(New York Jewish Week) — A conference for Orthodox medical professionals that aims to improve healthcare literacy in the community is drawing backlash from anti-vaccine activists, who are also planning a protest.
The conference, set to take place at a hotel in the heavily Hasidic Brooklyn neighborhood of Williamsburg, will cover a broad range of topics — including vaccination, community healthcare, long COVID and the return of infectious diseases such as polio. The conference, with an expected attendance of some 100 to 150 people, is approved as a continuing education course for medical professionals and is sponsored by multiple medical providers and community organizations.
The gathering comes after years of low vaccination rates in the city’s haredi Orthodox community, driven in part by misinformation, a lack of resources and mistrust in a city government that some felt had targeted Orthodox Jews. Recent years have also seen a current of anti-vaccine activism by some haredi Jews, in partnership with other anti-vaccine activists, despite repeated calls by a range of leading haredi rabbis to get vaccinated.
“There is so much mistrust right now across the globe, but very heavily in the Orthodox community right now,” Blimi Marcus, an Orthodox nurse and president of the Emes Initiative, a co-sponsor of the event, told the New York Jewish Week. “COVID caused a lot of additional mistrust that existed beforehand. People had a hard time with changing guidelines, mixed messaging, and feeling targeted by policies that were directed at specific communities.”
Last year, polio resurfaced in the United States for the first time in nearly a decade when an Orthodox Jewish man from Rockland County was diagnosed with the disease. One month later, New York City and state health officials announced that polio was detected in New York City wastewater, and cautioned communities to get vaccinated.
At that time, Williamsburg, which is home to one of the largest Orthodox Jewish populations in the state, had the city’s lowest rate of polio vaccination, with 56.3% of children between the ages of 6 months and 5 years having had three doses of the vaccine, according to the New York Citywide Immunization Registry.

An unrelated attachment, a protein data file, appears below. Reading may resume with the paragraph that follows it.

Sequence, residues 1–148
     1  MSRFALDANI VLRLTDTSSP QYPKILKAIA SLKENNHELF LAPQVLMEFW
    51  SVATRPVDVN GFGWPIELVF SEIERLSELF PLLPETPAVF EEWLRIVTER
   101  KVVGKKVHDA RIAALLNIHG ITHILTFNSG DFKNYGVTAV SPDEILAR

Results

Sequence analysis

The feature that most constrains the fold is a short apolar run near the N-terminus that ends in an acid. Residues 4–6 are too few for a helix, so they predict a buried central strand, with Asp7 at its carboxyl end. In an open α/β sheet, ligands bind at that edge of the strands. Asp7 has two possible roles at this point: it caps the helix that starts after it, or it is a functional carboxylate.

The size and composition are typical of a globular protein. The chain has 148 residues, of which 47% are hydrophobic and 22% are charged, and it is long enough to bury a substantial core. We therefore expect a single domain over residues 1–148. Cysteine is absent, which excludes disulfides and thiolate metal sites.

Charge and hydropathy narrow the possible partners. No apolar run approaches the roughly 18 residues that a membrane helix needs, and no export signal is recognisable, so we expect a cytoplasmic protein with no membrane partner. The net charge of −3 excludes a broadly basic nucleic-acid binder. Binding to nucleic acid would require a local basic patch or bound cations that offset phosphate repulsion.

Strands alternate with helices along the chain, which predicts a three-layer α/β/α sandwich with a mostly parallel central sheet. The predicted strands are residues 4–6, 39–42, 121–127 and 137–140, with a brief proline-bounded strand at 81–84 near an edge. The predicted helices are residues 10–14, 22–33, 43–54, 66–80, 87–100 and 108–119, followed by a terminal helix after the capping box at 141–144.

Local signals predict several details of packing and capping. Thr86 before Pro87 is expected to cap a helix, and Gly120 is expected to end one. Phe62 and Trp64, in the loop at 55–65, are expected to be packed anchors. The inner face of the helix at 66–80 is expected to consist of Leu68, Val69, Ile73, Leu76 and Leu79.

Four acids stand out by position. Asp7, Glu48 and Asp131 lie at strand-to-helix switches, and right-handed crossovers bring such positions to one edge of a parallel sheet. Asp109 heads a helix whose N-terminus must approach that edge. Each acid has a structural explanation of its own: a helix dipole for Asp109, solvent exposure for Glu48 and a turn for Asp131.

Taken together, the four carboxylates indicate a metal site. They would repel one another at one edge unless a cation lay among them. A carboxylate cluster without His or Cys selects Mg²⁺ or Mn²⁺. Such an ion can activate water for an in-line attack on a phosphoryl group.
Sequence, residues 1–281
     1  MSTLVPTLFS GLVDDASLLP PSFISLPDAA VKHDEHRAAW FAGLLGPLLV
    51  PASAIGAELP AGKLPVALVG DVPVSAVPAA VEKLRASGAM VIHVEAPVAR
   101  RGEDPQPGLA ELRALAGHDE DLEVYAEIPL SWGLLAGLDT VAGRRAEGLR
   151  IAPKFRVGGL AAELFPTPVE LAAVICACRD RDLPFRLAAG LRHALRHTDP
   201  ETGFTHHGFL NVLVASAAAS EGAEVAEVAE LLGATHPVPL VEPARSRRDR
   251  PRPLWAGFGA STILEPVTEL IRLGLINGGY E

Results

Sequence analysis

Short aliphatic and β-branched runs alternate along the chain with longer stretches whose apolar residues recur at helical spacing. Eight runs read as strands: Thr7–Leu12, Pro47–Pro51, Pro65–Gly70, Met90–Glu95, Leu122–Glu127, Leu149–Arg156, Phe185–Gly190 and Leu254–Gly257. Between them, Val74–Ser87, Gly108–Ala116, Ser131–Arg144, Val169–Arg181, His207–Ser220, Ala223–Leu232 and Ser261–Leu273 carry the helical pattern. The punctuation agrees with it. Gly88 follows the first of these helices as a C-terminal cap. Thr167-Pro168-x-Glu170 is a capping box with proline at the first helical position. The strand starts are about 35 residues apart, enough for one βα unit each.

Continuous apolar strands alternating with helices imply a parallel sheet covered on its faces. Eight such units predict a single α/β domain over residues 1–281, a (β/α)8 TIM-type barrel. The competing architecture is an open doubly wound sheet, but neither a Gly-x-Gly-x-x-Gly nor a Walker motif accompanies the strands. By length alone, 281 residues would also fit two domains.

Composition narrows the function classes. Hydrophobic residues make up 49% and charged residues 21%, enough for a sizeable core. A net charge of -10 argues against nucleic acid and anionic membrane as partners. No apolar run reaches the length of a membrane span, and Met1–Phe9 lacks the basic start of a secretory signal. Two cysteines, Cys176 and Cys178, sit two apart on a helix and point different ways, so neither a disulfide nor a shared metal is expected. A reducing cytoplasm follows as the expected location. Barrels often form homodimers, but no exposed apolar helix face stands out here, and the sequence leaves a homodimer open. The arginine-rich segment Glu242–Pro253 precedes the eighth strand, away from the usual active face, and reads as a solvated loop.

Some members of Orthodox communities campaigned against COVID vaccinations as well, despite the admonitions of community leaders, while others hesitated to get the shot due to fears that it would adversely affect fertility. At present, some Hasidic neighborhoods in Brooklyn, including Borough Park and Williamsburg, have among the lowest levels of COVID vaccination in the city.
And in 2019, haredi Orthodox communities in the state experienced a measles outbreak that was tied to low vaccination rates. That outbreak also saw the growth of a vocal anti-vaccination campaign among Orthodox Jews.
Anti-vax activists are raising their voices against Sunday’s event as well. A flier has surfaced over the past week that is calling the event a “terrible Chilul Hashem,” or desecration of God’s name.
“People who deny that [God] created the world are scheduled to speak to the frum community at The Williamsburg Hotel,” the flier said, using a Jewish term connoting Orthodoxy. “Please help avert this terrible Chilul Hashem. Rabbonim [rabbis] have requested that whoever can possibly come, should join to stand up for Kavod Shamiyim,” or the honor of heaven.
A leading voice against the protests has been a blogger who goes by the name of Boruch Weiss. Weiss has written multiple articles calling the event “an atheist convention,” and did not respond to a request for comment.
“It must be noted that the beliefs espoused at this convention are a lot closer to Nazi ideology than they are to Judaism,” Weiss wrote. “It would be remiss not to mention that it was precisely this sort of ideology that led to the atrocities.”
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Despite the protests, Marcus told the New York Jewish Week over the phone that “most people are looking forward” to the event. She recalled that previous protests of similar events did not draw “much of a turnout,” though she said there will be security present.
“This is one of the first times we’re bringing together most of the ultra-Orthodox providers from different communities around the tristate area,” Marcus said.
At the height of the pandemic in 2020, many in the city’s Orthodox community felt unfairly targeted by COVID restrictions that closed schools, parks and houses of worship. Orthodox protesters in Brooklyn burned masks and, at one point, cornered, mobbed and threatened a Hasidic reporter.
“A lot of people have taken all of this and come away with the message that no one is to be trusted except ourselves,” Marcus said. “They don’t want to hear from anyone that has beliefs that are different from theirs.”
Marcus said that Sunday’s event is “open to people from the Jewish community and beyond.”
“We can always learn from each other,” Marcus said. “Vaccine hesitancy is not limited to the Orthodox community. By far, it’s a global public health problem.”